Detection of radio pulsations from the direction of the Galactic center Soft Gamma-ray Repeater with Parkes and the GBT
ATel #5035; M. Burgay (INAF-Cagliari), R. Shannon (CASS-Marsfield), A. Possenti (INAF-Cagliari), M. Keith (CASS-Marsfield), J. Sarkissian (CASS-Parkes), G. Israel (INAF-O. A.Roma), S. Johnston (CASS-Marsfield), N. Rea (CSIC/IEEC-Barcelona), P. Esposito (INAF-IASF Milano), on behalf of a larger collaboration
on 1 May 2013; 13:09 UT
Credential Certification: Marta Burgay (email@example.com)
Subjects: Radio, Neutron Star, Soft Gamma-ray Repeater, Pulsar
We have observed the new soft gamma-ray repeater located in the direction of the Galactic center region (Atel #5009) from the Parkes and Green Bank radio telescopes, within our pre-approved Target of Opportunity programs of radio follow-up of transient magnetars.
With the 64-metre Parkes Telescope, observations were performed with the PDFB3 and PDFB4 backends operating in search mode. An initial 1.5 hour observation was carried out starting on 2013-04-27 at 13:53 UT, with a central frequency of 3094 MHz and bandwidth 1024 MHz. Additional observations were taken on 2013-04-28 at 18:13 UT (20 minutes long) and on 2013-04-29 at 16:38 UT (1.5 hour long) using the aforementioned setup and simultaneously observing at a central frequency of 732 MHz (bandwidth 64 MHz). Moreover, we observed at a central frequency of 1369 MHz (bandwidth 256 MHz) on 2013-04-28 at UT 13:48 for a total of 20 minutes. The system performances were verified by detecting pulsations from J1721-3532.
The 100-metre Green Bank Telescope (GBT) observations were performed with the GUPPI backend, operated in search mode at a central frequency of 2000 MHz, with a bandwidth of 800 MHz, starting on 2012-04-29 at 07:15 UT, for a duration of 25 minutes. We previously looked in search mode at the known pulsar J1745-3040 to check the system and the source displayed well in the data.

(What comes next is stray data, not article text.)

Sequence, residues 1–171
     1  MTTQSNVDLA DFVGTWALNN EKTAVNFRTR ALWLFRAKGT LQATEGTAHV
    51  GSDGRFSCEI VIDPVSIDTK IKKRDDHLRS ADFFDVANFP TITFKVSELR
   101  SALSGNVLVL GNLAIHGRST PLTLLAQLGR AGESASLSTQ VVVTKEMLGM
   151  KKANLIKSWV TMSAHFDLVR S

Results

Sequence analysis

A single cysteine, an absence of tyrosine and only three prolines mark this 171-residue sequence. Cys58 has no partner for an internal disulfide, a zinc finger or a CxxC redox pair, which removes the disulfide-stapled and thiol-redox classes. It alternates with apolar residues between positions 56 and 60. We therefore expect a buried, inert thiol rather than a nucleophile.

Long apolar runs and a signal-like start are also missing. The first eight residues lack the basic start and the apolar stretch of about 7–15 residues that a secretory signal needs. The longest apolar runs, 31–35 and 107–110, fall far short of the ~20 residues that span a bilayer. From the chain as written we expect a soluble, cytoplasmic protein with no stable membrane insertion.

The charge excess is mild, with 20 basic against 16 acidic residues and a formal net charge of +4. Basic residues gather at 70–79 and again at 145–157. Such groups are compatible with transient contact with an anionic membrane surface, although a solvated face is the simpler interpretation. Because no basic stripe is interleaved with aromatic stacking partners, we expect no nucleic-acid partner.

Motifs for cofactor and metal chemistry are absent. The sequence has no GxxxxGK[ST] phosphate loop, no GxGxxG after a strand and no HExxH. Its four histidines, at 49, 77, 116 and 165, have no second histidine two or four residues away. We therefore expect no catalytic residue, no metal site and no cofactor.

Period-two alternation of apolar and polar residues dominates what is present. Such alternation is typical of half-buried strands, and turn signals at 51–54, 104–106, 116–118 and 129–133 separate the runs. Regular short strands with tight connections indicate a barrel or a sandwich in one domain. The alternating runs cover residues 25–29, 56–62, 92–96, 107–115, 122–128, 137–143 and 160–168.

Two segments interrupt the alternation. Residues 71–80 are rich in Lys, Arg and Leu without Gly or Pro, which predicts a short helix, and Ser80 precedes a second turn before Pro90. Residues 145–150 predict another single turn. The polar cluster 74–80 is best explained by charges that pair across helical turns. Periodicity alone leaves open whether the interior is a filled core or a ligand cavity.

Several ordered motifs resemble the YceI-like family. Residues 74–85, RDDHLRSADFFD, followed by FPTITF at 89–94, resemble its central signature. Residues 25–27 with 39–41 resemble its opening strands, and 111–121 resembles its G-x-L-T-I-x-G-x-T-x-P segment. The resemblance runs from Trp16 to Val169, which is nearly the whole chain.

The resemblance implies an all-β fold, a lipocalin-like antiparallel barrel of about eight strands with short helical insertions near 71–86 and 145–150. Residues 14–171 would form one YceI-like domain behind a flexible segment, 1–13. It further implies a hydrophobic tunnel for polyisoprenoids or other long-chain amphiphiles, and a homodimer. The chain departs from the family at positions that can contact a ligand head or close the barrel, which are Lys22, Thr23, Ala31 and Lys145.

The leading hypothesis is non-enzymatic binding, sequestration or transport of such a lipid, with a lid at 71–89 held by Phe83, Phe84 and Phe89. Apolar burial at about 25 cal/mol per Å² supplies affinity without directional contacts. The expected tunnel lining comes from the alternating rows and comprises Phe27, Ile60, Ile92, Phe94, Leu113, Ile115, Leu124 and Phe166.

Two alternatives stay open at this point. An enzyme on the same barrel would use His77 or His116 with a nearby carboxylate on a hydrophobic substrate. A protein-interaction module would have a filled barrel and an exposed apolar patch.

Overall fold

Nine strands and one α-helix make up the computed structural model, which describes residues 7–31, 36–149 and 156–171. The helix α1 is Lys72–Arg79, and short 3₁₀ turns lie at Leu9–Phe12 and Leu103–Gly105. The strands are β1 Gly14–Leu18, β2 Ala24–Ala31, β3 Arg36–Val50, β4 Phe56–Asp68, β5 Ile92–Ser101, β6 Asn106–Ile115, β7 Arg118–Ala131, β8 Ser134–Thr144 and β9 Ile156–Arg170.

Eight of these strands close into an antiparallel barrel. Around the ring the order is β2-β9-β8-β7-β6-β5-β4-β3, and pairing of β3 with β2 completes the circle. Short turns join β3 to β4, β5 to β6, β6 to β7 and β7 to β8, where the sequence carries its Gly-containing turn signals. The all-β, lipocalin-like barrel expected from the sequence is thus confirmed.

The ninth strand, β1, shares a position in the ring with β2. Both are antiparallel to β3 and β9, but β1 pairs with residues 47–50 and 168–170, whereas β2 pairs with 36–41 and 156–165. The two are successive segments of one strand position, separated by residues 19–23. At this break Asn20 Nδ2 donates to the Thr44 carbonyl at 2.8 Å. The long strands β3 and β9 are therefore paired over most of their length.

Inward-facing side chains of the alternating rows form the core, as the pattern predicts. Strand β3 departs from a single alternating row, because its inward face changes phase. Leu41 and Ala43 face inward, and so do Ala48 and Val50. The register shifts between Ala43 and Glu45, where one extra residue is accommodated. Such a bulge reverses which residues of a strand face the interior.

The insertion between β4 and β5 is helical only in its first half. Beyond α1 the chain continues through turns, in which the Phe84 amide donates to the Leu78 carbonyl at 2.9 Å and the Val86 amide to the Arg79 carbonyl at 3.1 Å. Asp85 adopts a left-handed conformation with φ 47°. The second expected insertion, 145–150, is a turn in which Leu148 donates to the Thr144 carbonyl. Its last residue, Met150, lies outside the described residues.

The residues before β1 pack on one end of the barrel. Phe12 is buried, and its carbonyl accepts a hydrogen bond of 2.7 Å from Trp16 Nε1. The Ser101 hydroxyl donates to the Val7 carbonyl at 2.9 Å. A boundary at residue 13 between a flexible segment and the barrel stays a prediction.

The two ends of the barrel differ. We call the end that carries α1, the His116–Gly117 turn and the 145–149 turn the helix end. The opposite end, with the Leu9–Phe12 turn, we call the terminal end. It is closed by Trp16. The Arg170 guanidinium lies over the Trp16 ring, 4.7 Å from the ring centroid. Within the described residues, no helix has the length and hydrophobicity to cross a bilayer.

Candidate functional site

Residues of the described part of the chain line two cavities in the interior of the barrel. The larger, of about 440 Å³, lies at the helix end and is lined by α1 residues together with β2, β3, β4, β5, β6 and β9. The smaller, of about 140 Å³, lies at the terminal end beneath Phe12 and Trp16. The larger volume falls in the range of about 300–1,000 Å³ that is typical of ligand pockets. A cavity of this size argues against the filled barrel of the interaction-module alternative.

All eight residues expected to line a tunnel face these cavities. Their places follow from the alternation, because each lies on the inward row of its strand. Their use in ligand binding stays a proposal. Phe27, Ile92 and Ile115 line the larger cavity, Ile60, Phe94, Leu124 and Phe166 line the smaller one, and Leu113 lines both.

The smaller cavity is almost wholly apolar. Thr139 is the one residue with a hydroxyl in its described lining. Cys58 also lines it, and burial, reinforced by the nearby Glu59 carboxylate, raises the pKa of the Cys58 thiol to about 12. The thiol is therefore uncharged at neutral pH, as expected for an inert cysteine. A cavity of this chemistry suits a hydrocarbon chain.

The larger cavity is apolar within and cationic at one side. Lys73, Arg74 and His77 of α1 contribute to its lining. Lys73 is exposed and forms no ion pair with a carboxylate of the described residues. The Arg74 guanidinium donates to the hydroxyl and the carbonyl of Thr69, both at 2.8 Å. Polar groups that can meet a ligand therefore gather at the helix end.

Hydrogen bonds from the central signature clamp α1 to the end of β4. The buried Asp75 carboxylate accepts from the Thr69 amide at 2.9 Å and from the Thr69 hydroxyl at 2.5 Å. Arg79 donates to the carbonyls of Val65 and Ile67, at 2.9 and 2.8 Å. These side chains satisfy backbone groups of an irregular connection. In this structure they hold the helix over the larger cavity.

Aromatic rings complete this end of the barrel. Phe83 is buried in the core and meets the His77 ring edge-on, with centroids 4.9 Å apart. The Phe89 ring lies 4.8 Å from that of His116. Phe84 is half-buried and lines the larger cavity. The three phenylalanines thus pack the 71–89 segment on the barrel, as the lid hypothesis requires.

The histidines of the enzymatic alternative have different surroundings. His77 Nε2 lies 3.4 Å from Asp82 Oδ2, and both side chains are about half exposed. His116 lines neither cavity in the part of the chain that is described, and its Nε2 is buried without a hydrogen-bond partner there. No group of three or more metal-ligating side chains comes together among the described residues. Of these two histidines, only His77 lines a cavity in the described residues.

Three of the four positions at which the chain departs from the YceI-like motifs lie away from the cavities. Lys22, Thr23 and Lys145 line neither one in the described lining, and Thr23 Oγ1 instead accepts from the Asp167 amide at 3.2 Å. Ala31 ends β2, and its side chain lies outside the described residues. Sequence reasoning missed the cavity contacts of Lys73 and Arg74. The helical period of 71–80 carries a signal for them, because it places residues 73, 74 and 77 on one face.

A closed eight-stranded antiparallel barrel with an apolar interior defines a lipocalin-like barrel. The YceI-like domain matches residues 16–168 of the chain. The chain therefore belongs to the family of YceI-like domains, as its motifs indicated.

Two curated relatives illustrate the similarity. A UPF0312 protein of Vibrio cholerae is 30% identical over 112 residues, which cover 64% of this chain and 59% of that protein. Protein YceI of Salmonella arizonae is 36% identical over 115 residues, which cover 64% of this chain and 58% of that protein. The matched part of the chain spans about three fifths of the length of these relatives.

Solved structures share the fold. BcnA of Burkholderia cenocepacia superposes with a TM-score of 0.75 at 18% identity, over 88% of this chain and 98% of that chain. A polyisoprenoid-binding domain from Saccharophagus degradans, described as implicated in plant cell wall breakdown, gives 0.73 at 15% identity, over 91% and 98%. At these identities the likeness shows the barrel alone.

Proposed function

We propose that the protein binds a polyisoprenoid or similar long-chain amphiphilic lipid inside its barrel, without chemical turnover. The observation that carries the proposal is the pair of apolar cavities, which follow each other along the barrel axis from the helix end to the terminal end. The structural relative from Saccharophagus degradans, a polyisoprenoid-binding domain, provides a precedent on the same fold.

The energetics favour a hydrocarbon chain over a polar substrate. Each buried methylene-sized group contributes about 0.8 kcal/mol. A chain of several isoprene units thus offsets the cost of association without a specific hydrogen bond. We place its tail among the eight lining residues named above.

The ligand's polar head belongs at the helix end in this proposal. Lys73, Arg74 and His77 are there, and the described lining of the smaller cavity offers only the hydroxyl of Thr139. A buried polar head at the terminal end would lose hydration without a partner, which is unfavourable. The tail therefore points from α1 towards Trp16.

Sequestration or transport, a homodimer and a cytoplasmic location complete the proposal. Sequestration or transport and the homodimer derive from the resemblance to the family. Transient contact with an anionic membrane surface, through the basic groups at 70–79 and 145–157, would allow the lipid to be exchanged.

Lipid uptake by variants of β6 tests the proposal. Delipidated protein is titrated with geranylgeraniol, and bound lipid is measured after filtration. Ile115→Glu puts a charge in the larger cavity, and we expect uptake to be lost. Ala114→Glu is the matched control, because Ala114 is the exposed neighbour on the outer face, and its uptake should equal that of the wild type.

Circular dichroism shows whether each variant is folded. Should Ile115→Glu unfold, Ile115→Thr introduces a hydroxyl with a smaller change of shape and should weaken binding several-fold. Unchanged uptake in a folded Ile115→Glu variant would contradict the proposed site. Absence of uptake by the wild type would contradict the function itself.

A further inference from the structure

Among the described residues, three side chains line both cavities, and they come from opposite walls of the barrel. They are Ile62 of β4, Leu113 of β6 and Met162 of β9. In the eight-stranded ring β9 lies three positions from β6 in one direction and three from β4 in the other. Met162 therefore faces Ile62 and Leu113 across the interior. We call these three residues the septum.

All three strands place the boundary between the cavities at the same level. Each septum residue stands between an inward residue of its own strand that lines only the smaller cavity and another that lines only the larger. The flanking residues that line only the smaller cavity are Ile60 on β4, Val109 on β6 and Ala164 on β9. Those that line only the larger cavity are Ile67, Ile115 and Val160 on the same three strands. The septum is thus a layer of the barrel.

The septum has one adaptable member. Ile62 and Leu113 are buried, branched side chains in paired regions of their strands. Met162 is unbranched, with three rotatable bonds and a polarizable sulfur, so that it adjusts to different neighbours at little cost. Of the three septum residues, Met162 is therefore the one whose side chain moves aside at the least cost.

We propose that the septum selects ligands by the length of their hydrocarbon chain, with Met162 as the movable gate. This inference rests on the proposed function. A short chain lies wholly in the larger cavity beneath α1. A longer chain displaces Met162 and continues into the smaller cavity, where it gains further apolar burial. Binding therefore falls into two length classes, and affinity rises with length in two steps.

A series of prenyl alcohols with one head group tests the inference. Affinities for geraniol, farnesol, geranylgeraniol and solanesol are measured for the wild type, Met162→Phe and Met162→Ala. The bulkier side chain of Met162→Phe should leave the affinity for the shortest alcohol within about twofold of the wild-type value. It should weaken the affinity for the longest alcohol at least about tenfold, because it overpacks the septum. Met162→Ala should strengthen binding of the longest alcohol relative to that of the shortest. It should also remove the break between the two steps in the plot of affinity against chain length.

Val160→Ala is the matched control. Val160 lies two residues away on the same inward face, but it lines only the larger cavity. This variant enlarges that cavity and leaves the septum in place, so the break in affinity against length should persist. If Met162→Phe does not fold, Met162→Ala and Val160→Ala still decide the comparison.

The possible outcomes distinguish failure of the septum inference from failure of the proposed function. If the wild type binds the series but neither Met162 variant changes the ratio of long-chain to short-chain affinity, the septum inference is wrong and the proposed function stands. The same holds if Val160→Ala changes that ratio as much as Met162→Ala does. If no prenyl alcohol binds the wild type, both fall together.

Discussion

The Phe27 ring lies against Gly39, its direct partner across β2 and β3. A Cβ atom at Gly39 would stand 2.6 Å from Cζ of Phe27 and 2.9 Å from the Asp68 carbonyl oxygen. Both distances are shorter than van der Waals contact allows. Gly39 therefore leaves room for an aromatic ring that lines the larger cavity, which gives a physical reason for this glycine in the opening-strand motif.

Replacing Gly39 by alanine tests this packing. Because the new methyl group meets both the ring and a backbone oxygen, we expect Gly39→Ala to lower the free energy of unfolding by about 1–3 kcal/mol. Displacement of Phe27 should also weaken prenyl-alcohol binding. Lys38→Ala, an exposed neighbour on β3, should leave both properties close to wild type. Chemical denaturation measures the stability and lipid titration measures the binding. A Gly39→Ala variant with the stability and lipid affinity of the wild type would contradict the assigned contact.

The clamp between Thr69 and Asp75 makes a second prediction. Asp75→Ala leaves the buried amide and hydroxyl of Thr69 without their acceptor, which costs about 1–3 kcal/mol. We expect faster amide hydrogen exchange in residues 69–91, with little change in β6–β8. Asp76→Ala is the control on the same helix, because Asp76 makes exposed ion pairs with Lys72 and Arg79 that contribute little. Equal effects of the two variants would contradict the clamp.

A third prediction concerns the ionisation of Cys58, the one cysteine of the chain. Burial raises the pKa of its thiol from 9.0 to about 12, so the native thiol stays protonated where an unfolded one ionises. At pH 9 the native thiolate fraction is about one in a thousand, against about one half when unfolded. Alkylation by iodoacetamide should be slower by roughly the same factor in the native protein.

For all the observations on-source a strong signal (visible in less than 1 minutes at 1369 MHz, 2000 MHz and 3094 MHz) with a large duty cycle (approaching 100%) was found, showing a rapidly changing period with values close to the 3.76 s detected in the NUSTAR (Atel #5020), and Chandra (Atel #5032) observations. The dispersion measure (DM) appears to be very low, ~< 50 cm-3 pc, although an accurate determination of DM is very hard because of the fact that the shape of the pulses is varying in time and possibly also in frequency.
No signal at a similar period was detected in any of the off-source observations performed at both telescopes. In particular, for Parkes, besides the observations of the test pulsar, we collected data at a position (J2000) RA=17:45:00 DEC=-28:00:00, approximately one degree from the X-ray source, whereas for GBT we searched the data taken at position (J2000) RA=17:45:56 DEC=-30:40:23, about 2 degrees from the X-ray source.
The detection of a signal of similar shape from two telescopes at multiple frequencies and different sidereal times (and hence variable heights above the horizon), as well as its absence in the offset pointings, excludes an RFI nature (possibly hinted by its low DM), and suggests that the soft gamma-ray repeater might be radio bright, and located at a distance < 2kpc projected toward the Galactic Center.
Further observations are ongoing for fully characterize the properties of this signal.